In her new documentary Brainwashed: Sex-Camera-Power, director Nina Menkes cues up a bathtub scene from 1972’s Superfly. Guess what happens? From a close-up of a man and a woman, the camera glides down the woman’s back to her buttocks, then shows her breasts while the man stays discreetly in the suds.
Compiling nearly 200 clips since 1896 from popular, classic, and indie films, Brainwashed analyzes certain filmmaking techniques that continually view women as objects. Debuting at the 2022 Sundance Film Festival, the film stirs feelings of solidarity among anyone tired of seeing women shot in certain ways—along with frustrated anger.
It also serves as an enlightening rallying cry for other voices and viewpoints in entertainment. Besides causing insecurity and self-hatred, these techniques can otherize anyone, including people of color and the LGBTQIA community, the film notes.
Shot design is sneakier than the bias that audiences and filmmakers now recognize in certain dialogue, screenplays, and plot points, Menkes says. The independent filmmaker sees a connection between gendered “visual language” and discriminatory hiring practices, especially in Hollywood. She says it also causes predatory attitudes around sexual abuse and assault and a disconnect that prevents us from seeing others as fully human.
Brainwashed doesn’t dive deeply into some of this, but its volume of material is compelling and persuasive. The film includes insights from a diverse group of academics and film professionals. They include film theorist Laura Mulvey (Visual Pleasure and Narrative Cinema), producer and writer Joey Soloway (Transparent), director Julie Dash (Queen Sugar), producer Amy Ziering (Allen v. Farrow), director Eliza Hittman (Never Rarely Sometimes Always), and director Maria Giese (Hunger), who spurred the 2015 federal investigation of sexual discrimination in Hollywood.
Menkes frames Brainwashed around Sex and Power: The Visual Language of Cinema, her regular presentation as a faculty member at the California Institute of the Arts. However, she’s written and lectured about this elsewhere, notably in Filmmaker magazine in 2017 and at Sundance in 2018.
Brainwashed opens with an air of mystery, its own camera gliding along an empty hallway to a Hitchcockian score from Sharon Farber. Yet some clips Menkes points out (such as the Superfly scene and the topless girls’ locker room during the opening credits of 1976’s Carrie) are so glaring, viewers might be surprised by how often they’ve glanced over this sort of thing.
The techniques she discusses include framing women with fragmented body parts, often breasts, buttocks, lips, and eyes. Filmmakers use 2D lighting on women, such as Rita Hayworth in 1947’s The Lady from Shanghai, to depict them without aging or depth; meanwhile, 3D lighting gives men character. In addition, the camera seldom moves in slow motion along a man’s body to sexualize him.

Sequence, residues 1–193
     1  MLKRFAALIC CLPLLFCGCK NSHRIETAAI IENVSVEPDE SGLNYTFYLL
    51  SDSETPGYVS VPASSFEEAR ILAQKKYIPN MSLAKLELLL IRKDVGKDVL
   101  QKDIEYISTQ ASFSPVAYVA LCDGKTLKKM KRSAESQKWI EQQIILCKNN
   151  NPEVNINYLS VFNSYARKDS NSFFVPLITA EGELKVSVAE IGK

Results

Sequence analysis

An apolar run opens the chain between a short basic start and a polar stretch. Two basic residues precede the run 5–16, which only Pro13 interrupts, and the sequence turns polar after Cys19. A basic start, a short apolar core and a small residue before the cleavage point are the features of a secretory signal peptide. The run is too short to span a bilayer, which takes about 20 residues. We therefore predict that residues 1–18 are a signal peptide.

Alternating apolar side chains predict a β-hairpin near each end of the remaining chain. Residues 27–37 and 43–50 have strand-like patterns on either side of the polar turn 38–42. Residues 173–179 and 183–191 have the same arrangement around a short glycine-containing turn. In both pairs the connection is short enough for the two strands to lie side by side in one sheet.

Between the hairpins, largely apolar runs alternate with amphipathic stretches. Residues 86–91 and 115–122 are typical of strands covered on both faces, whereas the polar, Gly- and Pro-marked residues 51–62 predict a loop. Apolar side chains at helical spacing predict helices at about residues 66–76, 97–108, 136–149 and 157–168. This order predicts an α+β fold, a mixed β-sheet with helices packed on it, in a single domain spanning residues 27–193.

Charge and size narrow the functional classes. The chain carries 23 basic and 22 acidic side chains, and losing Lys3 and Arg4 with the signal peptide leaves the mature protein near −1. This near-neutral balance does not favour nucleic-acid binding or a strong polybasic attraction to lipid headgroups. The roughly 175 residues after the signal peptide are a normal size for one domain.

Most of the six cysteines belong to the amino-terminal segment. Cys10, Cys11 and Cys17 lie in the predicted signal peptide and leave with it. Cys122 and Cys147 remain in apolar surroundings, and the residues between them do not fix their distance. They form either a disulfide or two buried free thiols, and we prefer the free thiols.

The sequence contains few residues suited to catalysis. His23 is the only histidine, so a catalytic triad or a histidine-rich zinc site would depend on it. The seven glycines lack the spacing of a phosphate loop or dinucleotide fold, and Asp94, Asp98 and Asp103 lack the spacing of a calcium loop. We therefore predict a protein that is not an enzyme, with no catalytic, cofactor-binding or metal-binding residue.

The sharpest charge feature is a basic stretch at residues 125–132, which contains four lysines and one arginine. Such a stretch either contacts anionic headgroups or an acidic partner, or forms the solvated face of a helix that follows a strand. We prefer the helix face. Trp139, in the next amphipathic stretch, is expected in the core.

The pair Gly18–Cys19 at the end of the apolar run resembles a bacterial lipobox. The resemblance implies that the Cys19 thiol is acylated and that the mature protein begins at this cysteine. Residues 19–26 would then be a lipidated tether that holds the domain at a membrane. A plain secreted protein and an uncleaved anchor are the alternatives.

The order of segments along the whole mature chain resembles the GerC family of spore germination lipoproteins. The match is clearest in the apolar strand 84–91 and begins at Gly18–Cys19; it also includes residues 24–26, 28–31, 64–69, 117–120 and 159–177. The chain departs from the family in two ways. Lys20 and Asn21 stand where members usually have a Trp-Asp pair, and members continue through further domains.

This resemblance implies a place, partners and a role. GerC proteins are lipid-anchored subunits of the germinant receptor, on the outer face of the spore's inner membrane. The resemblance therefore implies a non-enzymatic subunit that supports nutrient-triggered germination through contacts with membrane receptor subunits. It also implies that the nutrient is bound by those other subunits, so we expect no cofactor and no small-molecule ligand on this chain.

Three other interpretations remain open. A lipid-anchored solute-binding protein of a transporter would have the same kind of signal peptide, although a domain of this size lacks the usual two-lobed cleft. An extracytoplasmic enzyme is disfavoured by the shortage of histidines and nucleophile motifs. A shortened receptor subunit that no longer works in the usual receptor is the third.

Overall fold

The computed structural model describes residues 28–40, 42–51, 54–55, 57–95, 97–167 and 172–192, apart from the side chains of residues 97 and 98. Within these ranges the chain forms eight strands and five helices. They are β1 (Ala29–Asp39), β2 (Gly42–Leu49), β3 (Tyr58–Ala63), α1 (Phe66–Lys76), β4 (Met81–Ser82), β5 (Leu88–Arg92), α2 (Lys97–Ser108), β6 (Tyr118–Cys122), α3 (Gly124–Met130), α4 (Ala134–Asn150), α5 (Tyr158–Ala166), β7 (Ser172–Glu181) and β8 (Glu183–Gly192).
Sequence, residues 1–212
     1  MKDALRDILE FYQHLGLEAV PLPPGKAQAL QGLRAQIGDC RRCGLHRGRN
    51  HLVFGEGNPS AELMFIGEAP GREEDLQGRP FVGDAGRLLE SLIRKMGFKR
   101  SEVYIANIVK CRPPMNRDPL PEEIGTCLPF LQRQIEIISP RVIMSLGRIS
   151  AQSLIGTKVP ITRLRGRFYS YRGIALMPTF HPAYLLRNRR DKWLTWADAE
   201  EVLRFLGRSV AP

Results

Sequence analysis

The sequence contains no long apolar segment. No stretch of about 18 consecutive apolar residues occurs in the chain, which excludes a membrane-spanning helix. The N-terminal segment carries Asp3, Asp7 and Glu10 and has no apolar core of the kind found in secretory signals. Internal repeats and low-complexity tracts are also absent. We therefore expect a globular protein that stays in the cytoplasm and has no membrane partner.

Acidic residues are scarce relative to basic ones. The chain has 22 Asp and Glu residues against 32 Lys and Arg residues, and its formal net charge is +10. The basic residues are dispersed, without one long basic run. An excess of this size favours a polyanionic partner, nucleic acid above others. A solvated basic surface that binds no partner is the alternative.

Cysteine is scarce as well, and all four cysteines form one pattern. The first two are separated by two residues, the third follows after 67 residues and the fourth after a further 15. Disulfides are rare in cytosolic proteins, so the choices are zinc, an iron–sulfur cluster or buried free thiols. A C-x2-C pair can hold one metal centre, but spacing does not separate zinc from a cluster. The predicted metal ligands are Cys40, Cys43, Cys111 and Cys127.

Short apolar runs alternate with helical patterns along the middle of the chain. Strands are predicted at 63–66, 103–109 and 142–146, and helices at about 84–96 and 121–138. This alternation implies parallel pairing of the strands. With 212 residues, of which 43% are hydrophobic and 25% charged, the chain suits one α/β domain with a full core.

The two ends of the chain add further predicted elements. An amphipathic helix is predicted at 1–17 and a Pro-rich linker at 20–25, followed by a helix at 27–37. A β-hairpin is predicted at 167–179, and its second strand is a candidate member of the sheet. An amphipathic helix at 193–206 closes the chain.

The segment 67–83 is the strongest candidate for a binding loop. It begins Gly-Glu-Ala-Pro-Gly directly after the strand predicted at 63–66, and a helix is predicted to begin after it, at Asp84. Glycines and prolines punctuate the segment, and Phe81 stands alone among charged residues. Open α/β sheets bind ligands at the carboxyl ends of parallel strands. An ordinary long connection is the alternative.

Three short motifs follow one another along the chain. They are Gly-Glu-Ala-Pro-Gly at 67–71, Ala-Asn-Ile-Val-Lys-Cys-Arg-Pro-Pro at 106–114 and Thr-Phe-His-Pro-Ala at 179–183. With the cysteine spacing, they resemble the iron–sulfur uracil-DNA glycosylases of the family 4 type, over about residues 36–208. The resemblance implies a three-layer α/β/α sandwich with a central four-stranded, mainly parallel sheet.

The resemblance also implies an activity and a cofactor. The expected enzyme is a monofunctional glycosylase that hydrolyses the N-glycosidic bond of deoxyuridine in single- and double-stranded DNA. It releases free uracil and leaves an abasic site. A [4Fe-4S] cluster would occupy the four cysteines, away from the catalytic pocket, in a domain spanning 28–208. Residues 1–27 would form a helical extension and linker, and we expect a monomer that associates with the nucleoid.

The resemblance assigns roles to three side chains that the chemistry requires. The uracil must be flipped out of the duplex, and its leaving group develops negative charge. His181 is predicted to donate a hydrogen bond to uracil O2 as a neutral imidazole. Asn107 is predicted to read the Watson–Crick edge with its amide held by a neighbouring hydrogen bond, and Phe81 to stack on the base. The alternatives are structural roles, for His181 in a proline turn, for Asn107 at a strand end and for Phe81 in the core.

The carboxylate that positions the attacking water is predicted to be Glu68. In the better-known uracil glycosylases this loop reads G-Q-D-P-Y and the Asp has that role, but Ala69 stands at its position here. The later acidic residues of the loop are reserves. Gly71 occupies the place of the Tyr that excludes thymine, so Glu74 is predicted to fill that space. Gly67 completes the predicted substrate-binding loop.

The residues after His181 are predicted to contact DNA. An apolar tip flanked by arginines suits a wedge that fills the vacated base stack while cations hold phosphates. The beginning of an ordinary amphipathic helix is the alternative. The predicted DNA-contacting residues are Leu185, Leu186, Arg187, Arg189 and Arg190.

Like 2019’s This Changes Everything, Brainwashed recounts how women filmmakers such as Alice Guy Blaché thrived through the silent film era. The advent of sound and male-dominated film financing pushed them to the sidelines.
Since then, this (often white and heterosexual) male view has popped in films from 1927’s Metropolis through more modern films such as Do The Right Thing, Raging Bull, and Once Upon a Time … In Hollywood. Even today, it’s prevalent and entrenched that women directors are “conditioned” to shoot a certain way, the film says, citing shots from Wonder Woman, Lost in Translation, Hustlers, Titane, and Cuties.
These might be conscious or unconscious choices, but they’re “deliberate decisions,” Menkes says.
Brainwashed doesn’t delve into the context of any clips, nor does it include comments from directors whose shots Menkes highlights. (In a post-film discussion, she said that she avoided context to focus on the shot design techniques. She also reached out to representatives of “all the big directors, including Scorsese and Spike Lee and Sophia Coppola and Patty Jenkins … it was quite a long list.” None wanted to respond on camera.)
While this might make viewers feel defensive about their favorite films, or question Menkes’s choices (such as using moments from her films as contrasting examples), Brainwashed still makes us question how often audiences accept these techniques—and encourages creatives to do better.
“When we’re talking about these scenes, they’re not really about sex. They’re about power,” Menkes says. “The person who is shot like this is not empowered.”